From an editorial Thursday in the (Raleigh) News & Observer:
Attention is focused on what the NCAA will do to the University of North Carolina at Chapel Hill to punish it for a loss of institutional control over its athletics programs. Another disciplinary measure announced Thursday may be the saddest.
The Southern Association of Colleges and Schools Commission on Colleges, the commission that accredits UNC-Chapel Hill, has given the university 12 months probation for failing to meet seven standards, including academic integrity, and a failure to monitor college sports.
“It’s the most serious sanction we have,” said Belle Wheelan, president of the Southern Association of Colleges.
Championship banners and coaches being in NCAA jeopardy are one thing. But when an accrediting agency finds that a university has failed to meet a standard of academic integrity, the university’s soul is at risk.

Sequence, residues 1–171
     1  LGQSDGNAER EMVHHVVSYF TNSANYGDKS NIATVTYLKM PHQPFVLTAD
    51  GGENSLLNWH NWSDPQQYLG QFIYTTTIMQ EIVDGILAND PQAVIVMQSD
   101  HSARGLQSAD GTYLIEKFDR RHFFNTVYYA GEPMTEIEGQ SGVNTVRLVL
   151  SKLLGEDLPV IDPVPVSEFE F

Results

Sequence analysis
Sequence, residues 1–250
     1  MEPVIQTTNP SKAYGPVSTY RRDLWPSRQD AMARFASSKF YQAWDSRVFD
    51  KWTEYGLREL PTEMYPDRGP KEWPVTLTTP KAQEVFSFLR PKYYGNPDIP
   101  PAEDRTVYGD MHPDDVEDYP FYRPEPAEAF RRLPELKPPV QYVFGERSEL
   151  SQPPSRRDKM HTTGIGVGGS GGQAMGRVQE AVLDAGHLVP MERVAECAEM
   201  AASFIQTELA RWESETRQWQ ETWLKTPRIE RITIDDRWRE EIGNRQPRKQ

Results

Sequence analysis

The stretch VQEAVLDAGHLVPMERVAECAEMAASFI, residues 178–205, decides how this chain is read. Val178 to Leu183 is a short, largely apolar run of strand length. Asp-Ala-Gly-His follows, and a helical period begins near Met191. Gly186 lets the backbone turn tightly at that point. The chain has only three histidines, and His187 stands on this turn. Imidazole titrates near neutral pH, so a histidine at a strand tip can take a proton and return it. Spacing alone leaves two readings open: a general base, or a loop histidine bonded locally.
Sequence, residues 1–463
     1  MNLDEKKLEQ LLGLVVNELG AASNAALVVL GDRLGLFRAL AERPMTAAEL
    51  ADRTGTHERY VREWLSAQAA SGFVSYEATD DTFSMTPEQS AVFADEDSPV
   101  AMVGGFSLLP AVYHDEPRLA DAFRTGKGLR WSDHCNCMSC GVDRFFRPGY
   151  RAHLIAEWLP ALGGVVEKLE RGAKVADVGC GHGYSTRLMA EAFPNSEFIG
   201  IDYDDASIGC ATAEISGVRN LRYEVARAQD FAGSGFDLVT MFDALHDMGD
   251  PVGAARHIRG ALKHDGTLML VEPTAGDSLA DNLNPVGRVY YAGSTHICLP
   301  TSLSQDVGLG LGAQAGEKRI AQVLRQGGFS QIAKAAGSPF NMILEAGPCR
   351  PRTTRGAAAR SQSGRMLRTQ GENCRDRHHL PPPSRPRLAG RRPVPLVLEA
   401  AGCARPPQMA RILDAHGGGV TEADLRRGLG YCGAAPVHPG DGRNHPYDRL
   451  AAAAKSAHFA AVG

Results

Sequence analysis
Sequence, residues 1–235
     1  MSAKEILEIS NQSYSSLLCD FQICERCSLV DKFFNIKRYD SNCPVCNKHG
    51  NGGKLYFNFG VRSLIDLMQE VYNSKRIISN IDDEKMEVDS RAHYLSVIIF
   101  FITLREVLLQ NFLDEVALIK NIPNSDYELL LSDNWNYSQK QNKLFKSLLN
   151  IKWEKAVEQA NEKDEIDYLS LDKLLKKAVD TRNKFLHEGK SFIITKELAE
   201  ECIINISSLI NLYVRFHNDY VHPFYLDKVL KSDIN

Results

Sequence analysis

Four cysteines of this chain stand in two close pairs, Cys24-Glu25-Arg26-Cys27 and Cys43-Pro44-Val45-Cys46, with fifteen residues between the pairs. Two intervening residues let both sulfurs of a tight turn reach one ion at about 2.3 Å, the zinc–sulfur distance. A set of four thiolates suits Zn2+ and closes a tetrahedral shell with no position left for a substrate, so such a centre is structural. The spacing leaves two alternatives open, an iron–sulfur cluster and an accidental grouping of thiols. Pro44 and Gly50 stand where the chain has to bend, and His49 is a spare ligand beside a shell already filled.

This kind of sanction is rare for a major university. Usually it applies to small, financially struggling schools that can’t meet standards.
In the aftermath of the scandal, nine university employees have resigned, been fired or been placed under disciplinary review. The university has adopted some 70 reforms.
All that is appropriate, but reform must continue. The nation’s first public university and one of its best has been brought low by a blind devotion to sports.